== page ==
In front of the lens are Lartigue’s family and friends. Much of the charm surrounding his photographs come from their spontaneous feel – as if he is capturing a light-hearted moment of joy or excitement with those he is closest to rather than a meticulously staged piece. His subjects are running and jumping, they, and the photographs, exude an irrepressible spirit and joie de vivre.
Jacques-Henri Lartigue (1894-1986) was given a camera at the age of 8 and from then on documented every aspect of his life. However, Lartigue thought of himself primarily as a painter and began painting to earn a living in 1918. It was not until 1963, at the age of 69, that he was ‘discovered’ as a photographer. A selection of his work was exhibited at the Museum of Modern Art, New York. In 1974 he was commissioned by the President of France, Valéry Giscard d’Estaing, to take his official portrait. Yet, perhaps most valuable are his amazing body of photographs that filled numerous albums which documented the beauty and spontaneity of those that surrounded him, and the beauty and spontaneity of life itself. In 1979 he donated his work to the French nation, becoming the first living photographer to do so.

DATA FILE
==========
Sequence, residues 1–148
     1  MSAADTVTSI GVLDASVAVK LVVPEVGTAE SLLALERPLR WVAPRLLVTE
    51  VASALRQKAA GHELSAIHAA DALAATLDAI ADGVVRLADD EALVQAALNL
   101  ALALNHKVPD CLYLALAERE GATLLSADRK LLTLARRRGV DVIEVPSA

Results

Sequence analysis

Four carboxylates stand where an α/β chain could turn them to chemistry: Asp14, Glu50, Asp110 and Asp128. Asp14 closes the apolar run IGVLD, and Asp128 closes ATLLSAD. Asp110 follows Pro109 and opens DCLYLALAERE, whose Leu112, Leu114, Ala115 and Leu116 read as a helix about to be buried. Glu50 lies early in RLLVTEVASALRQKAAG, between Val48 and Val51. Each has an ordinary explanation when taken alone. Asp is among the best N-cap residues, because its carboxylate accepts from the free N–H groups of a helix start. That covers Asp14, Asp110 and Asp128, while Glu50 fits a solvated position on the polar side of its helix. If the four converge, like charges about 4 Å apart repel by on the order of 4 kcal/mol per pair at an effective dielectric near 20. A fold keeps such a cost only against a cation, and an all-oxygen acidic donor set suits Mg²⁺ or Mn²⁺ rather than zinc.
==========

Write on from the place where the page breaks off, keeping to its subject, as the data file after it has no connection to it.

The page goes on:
Jacques-Henri Lartigue continued his work as a photographer, painter and writer until his death in Nice on September 12 1986, he was 92 years old. He left behind more than 100,000 photographs, 7,000 pages of diary and 1,500 paintings.